Bacolor Crater: Icy Impact in Utopia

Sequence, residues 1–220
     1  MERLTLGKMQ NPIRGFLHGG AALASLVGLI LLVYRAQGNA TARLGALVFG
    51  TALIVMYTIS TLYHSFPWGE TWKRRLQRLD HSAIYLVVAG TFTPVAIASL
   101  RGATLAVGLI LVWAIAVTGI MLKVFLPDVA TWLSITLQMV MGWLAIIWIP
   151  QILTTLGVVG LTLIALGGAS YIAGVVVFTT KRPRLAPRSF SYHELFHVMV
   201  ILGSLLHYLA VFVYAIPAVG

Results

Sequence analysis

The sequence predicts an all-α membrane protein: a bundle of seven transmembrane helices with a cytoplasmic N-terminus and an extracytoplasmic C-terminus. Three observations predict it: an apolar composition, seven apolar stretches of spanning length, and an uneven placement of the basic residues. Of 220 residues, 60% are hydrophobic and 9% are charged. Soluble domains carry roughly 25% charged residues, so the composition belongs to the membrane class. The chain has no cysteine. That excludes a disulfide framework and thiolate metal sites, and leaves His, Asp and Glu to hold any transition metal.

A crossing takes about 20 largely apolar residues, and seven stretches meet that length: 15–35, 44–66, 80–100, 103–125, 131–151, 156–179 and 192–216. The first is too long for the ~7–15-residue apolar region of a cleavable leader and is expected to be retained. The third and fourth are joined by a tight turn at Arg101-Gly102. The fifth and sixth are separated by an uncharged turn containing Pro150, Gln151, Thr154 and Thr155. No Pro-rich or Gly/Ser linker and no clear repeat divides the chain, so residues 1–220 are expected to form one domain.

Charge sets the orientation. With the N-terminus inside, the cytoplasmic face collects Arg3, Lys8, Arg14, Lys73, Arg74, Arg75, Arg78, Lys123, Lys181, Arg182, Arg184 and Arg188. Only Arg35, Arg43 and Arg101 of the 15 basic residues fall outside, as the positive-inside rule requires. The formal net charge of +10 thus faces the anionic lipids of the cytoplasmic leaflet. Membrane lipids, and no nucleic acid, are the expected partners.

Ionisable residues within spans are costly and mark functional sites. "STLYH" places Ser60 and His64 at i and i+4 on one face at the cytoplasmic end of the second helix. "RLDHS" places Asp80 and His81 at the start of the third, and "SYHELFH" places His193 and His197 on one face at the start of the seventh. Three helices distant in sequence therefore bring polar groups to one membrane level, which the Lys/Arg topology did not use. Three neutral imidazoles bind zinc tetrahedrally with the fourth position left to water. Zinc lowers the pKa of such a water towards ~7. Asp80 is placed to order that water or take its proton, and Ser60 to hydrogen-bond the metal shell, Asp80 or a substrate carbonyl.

When a meteorite strikes at high speed, the impact's energy blasts a crater in the ground and ejects debris in all directions.Despite the violence, however, an impact can tell scientists much about the surface where the meteorite struck by the pattern it leaves. For example, Bacolor Crater, 20 kilometers (12 miles) wide, shows many signs that at the time of impact, the subsurface held a lot of water, presumably as ice. Bacolor lies in Utopia Plantitia, a vast, flat region in Mars' northern lowlands and home to distinctive-looking craters. In 2001, the Gamma-Ray Spectrometer on NASA's Mars Odyssey orbiter mapped abundant hydrogen in the subsurface of Utopia. The data indicate that near the surface, ice makes up 50 percent or more of the volume even now.This false-color image was made from frames taken by the Thermal Emission Imaging System (THEMIS), a camera that views Mars in 5 visual and 10 infrared "colors." THEMIS orbits aboard NASA's Mars Odyssey spacecraft.
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